Good night, my wife; go thy way. I have picked up charity boys to serve me: who soon after have quitted both my kitchen and livery, only that they might return to their former course of life; and I found one afterwards, picking mussels out of the sewer for his dinner, whom I could neither by entreaties nor threats reclaim from the sweetness he found in indigence.
Let us a little permit Nature to take her own way; she better understands her own affairs than we.
It points the way to a new kind of solution, and could in fact enlighten us. Let us but listen to it; we apply to ourselves all whereof we have principal need; whoever shall call to memory how many and many times he has been mistaken in his own judgment, is he not a great fool if he does not ever after suspect it? To my weakness, so often confessed, I owe the propension I have to modesty, to the obedience of belief prescribed me, to a constant coldness and moderation of opinions, and a hatred of that troublesome and wrangling arrogance, wholly believing and trusting in itself, the capital enemy of discipline and truth. As soon as the will was signed, the chamber being full, he asked me if it would hurt him to talk. The insight into human nature provided by his essays, for which they are so widely read, is merely a by-product of his introspection. Of all egotists, Montaigne, if not the greatest, was the most fascinating, because, perhaps, he was the least affected and most truthful. The good inns, the soft beds, the fine views, attracted his notice at every point, and in his observations on men and things he confines himself chiefly to the practical side. Whether or no, common necessity will soon call thee away.
The goodness and capacity of the governor ought absolutely to discharge us of all care of the government: philosophical inquisitions and contemplations serve for no other use but to increase our curiosity.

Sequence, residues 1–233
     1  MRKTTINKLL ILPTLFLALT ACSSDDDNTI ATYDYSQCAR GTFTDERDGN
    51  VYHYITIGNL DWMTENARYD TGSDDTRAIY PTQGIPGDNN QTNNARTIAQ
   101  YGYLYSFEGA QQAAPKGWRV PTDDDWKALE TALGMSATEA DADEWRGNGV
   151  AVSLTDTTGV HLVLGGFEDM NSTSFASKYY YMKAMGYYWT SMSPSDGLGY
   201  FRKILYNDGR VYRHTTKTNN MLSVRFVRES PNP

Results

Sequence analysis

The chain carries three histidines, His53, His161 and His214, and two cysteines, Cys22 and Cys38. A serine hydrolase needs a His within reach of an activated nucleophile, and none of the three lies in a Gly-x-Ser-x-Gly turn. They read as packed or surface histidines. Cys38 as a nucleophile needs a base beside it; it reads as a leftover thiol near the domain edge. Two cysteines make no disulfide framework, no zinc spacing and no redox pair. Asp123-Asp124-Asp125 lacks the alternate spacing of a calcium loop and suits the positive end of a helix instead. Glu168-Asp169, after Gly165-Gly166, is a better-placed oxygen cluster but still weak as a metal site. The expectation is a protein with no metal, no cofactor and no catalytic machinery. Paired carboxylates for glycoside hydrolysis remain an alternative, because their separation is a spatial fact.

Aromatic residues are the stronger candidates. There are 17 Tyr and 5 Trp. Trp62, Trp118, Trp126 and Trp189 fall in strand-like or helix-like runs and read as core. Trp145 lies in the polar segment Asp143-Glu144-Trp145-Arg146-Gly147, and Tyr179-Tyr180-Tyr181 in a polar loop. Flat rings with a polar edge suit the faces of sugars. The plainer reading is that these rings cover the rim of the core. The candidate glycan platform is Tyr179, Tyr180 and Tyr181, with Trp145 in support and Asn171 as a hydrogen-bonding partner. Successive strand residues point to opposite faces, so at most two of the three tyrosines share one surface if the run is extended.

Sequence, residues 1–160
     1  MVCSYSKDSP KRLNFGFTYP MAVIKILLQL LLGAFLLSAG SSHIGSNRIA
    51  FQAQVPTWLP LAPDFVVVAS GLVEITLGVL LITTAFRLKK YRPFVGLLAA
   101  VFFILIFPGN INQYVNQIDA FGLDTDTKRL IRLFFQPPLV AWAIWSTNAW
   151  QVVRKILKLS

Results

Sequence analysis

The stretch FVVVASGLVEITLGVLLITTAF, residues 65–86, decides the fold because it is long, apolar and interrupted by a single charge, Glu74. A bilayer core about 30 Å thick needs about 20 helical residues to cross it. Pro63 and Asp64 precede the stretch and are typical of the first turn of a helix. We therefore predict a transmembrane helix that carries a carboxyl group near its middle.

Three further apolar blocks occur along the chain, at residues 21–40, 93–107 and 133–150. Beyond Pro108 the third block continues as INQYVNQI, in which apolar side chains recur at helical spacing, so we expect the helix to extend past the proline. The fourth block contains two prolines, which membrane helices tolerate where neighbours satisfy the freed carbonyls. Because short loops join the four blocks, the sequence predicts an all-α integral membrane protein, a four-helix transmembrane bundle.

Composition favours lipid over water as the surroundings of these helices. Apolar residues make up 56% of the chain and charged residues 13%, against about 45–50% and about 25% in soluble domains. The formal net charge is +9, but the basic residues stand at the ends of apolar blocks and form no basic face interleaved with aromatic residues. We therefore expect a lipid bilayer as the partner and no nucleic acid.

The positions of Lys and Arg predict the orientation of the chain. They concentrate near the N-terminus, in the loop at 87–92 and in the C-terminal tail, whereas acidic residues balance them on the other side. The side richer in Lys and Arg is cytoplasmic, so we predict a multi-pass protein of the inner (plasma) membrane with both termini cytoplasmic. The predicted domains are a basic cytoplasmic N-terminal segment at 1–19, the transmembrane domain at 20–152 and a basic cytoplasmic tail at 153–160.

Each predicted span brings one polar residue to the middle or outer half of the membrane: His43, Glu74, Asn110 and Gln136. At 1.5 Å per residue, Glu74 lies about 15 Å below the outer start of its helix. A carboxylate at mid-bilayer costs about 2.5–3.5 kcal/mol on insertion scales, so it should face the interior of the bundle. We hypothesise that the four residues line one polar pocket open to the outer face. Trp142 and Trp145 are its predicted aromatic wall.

Of cannibals and cruelties If there is one form of argument Montaigne uses most often, it is the sceptical argument drawing on the disagreement amongst even the wisest authorities.
Of all egotists, Montaigne, if not the greatest, was the most fascinating, because, perhaps, he was the least affected and most truthful. Furthermore, his Essays were seen as an important contribution to both writing form and skepticism.
Montaigne on love
As the Stoics say that vices are profitably introduced to give value to and to set off virtue, we can, with better reason and less temerity of conjecture, say that nature has given us pain for the honour and service of pleasure and indolence. If I find them worse tomorrow, I will provide new stratagems. According to Lacroix du Maine, Montaigne, upon the death of his eldest brother, resigned his post of Councillor, in order to adopt the military profession, while, if we might credit the President Bouhier, he never discharged any functions connected with arms. Always, these emotions dwell on things we cannot presently change. Then he turned to his wife. In short, every nation has many customs and usages that are not only unknown to other nations, but savage and miraculous in their sight. What have our legislators gained by culling out a hundred thousand particular cases, and by applying to these a hundred thousand laws? We find in these accounts, however, many touches which are valuable as illustrating the manners of the place. Death is more abject, more languishing and troublesome, in bed than in a fight: fevers and catarrhs as painful and mortal as a musket-shot. In private is another story. They make such a description of our maladies as a town crier does of a lost horse or dog—such a color, such a height, such an ear—but bring it to him and he knows it not, for all that.
Relish and pungency in sauces were pleasant to me when young; my stomach disliking them since, my taste incontinently followed. I beseech and direct that thou often call to mind the friendship which was betwixt us; but I do not wish thee to mourn for me too much—an injunction which, so far as it is in my power, I lay on all my friends, since it might seem that by doing so they felt a jealousy of that blessed condition in which I am about to be placed by death.
He remained in the capital some time on this occasion, and it was now that he met for the first time Mademoiselle de Gournay.